“WHAT’S LOVE GOT TO DO WITH IT?”

“What’s Love Got To Do With It?”
John 13:23

If you were to guess, what do you think is the one thing in life a person wants more than anything else? Fame, wealth, beauty, status, power, position? I would argue that while a lot of people think that any one of, or a combination of, these would make them feel complete, none of these will truly make us feel whole.

I mean think about it, riches by itself is empty. We all know about rich folks who have ended their lives because they felt something was missing. Fame is fleeting. Just ask any of the “one hit wonder” groups of the 80’s or 90’s. Fame neither lasts nor does it give real meaning to a person’s life. And beauty? Well, whatever we have of it is slowly but surely giving way to time and gravity.

Power, position, status all these are relative. There’s always someone with more power, with a better position and higher status. So these can’t provide real meaning or purpose.

We are so desperate for this thing we need that we will spend our days searching for it. And if we don’t find it, we’ll go through life feeling unfulfilled and empty. It’s as important to us as the air we breathe. People have been known to cross oceans, scale mountains, traverse deserts in search of it.

So what is this one overarching need every human being has? It is to be loved. And I don’t just mean to be cared about or liked. I’m talking about being loved in a way that only true love can satisfy. To be loved without having to pretend to be someone we’re not–without our masks, without pretense, without expectation, without exception. More than anything we want to be loved for who we are.

We can be skeptical that kind of love really exists in the world. And with good reason, so much of what gets depicted as love in our culture is superficial, fleeting and generally self-serving. Consequently, it is difficult to believe that we could ever be loved, in the truest sense of the word, by another person or even by God.

A few weeks ago I read some thing in scripture that struck me as particularly significant and it has been percolating in my mind ever since. It’s a short phrase that we’ve all probably read or heard before, but may have passed through our awareness unnoticed. It’s in John’s gospel.  John 13:23.s John writes, “One of the disciples– the one whom Jesus loved –was reclining next to him.” Did you see it?–the one whom Jesus loved.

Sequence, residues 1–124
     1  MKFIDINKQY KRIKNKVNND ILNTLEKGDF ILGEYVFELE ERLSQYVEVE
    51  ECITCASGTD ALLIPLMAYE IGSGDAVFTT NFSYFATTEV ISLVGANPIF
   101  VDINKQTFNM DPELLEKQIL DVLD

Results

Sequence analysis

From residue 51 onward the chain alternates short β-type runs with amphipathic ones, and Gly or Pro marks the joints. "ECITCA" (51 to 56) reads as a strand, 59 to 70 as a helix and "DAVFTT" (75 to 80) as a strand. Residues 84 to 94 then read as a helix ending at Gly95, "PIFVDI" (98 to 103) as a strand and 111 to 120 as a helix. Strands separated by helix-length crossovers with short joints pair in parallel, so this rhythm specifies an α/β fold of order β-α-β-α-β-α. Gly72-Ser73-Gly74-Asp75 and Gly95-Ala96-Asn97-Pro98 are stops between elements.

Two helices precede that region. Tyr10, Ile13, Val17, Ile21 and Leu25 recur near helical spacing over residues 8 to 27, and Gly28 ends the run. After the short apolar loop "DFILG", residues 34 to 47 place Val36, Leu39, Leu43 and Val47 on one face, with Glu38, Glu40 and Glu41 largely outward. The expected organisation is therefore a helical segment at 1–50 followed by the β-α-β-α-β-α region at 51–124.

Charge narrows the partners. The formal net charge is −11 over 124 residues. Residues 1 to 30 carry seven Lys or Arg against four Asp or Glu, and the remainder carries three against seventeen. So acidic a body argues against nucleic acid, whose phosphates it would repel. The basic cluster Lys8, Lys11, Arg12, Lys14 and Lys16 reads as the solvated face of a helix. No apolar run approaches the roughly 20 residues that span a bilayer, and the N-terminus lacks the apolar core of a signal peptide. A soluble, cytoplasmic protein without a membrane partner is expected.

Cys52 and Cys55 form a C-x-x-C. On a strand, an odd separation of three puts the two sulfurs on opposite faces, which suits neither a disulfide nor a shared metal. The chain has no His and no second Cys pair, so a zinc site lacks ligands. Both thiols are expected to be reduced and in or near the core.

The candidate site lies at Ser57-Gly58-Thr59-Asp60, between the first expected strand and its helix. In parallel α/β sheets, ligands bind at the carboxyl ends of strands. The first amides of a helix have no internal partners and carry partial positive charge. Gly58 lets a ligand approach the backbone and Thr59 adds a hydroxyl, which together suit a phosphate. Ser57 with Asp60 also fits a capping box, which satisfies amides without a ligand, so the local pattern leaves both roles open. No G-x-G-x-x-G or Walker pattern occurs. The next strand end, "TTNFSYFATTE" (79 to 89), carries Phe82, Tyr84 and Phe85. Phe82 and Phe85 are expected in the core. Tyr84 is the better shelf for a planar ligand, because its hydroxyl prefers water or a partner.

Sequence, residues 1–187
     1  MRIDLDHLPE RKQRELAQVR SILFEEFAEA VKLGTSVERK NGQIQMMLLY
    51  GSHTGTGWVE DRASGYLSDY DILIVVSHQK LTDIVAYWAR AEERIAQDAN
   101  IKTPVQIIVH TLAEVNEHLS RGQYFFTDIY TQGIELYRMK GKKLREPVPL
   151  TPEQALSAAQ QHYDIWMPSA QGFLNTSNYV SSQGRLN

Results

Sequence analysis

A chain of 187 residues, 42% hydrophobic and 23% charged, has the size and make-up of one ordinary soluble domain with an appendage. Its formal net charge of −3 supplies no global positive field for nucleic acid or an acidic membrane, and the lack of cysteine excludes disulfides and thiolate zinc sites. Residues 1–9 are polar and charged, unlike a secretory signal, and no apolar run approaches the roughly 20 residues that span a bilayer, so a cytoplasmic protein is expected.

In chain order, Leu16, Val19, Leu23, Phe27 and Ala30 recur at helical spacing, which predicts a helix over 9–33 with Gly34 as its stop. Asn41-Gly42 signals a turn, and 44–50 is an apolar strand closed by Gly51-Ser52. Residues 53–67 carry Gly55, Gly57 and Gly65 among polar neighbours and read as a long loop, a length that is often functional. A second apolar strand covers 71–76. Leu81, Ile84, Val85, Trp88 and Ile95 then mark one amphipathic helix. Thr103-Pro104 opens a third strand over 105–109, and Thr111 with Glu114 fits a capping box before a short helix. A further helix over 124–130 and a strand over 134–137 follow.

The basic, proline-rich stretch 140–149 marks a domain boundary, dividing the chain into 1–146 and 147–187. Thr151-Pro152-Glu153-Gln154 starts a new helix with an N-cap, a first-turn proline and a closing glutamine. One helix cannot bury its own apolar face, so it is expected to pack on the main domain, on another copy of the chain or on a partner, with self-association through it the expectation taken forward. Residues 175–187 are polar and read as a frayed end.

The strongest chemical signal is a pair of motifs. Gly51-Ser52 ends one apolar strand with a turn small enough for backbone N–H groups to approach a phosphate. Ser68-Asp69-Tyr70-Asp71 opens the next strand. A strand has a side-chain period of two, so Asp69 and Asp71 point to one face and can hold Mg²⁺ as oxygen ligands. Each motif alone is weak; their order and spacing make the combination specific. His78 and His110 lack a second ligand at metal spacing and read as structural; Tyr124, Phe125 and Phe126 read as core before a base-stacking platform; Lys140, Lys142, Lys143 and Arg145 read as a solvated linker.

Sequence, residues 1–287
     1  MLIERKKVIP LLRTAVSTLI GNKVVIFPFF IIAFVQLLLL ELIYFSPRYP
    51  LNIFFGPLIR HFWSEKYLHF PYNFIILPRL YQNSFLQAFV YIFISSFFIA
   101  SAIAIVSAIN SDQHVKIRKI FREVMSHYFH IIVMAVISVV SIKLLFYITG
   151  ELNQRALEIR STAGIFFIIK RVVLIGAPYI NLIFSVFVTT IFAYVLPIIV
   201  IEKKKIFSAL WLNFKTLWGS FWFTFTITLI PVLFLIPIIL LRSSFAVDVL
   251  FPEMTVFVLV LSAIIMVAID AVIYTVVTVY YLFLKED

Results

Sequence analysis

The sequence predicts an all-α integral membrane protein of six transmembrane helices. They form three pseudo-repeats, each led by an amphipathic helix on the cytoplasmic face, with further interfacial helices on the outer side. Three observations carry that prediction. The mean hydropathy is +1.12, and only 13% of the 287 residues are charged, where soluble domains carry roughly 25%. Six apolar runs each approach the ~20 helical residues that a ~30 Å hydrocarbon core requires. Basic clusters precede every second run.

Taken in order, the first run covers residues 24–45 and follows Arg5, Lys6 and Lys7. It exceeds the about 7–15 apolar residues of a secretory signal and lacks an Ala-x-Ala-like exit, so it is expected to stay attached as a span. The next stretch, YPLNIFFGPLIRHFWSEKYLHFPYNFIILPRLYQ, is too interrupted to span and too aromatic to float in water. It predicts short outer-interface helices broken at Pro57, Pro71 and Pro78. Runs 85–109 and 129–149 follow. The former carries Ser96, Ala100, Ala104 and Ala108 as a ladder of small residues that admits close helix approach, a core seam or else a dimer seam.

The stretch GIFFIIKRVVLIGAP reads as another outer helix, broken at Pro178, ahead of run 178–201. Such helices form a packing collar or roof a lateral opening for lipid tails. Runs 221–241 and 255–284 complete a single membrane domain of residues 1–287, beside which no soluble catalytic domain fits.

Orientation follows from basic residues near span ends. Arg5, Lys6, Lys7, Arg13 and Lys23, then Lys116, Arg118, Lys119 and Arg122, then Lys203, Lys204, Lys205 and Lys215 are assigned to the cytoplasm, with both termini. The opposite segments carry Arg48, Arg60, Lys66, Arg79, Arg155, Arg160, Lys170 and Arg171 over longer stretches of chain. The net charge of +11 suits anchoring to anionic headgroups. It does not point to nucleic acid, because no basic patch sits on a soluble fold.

In chapter 20, verse 2, he writes, “[Mary Magdalene] ran to Simon Peter and the other disciple, the one whom Jesus loved, and said to them, ‘They have taken the Lord out of the tomb, and we do not know where they have put him.’“ There it is again, the one whom Jesus loved.

And in 21:20 John writes, “Peter turned and saw the disciple whom Jesus loved following them; this was the one who had leaned back against Jesus at the supper . . . “

What’s interesting is that John asserts no less than four times in his gospel that he is “the one whom Jesus loved.” For some reason I found that fascinating and I began to wonder what compelled John to write these words.

I suppose one might think that John is making a statement about himself that in some way elevated him a bit above the other disciples. Sort of like, “Hey guys, I’m the one Jesus loved. I was his favorite.” You know a little like sibling rivalry. It does seem the disciples had a bit of that going on.

But I don’t think that’s what’s taking place here. I think John knew that Jesus deeply loved and cared for each of his disciples. John’s statement about himself as “the one whom Jesus loved” was an acknowledgment of the deep abiding awareness that Jesus did in fact love him.

You see I think John’s understanding of the love Jesus had for him came was a result of his being with Jesus for the three, three and a half years of Jesus’ ministry. John saw how much Jesus loved people and somehow John was able to apply that truth to him as well. In fact he was so confident, so certain, so assured that Jesus loved him that it dispelled any concern or doubt about whether or not he was truly loved and accepted by the Lord.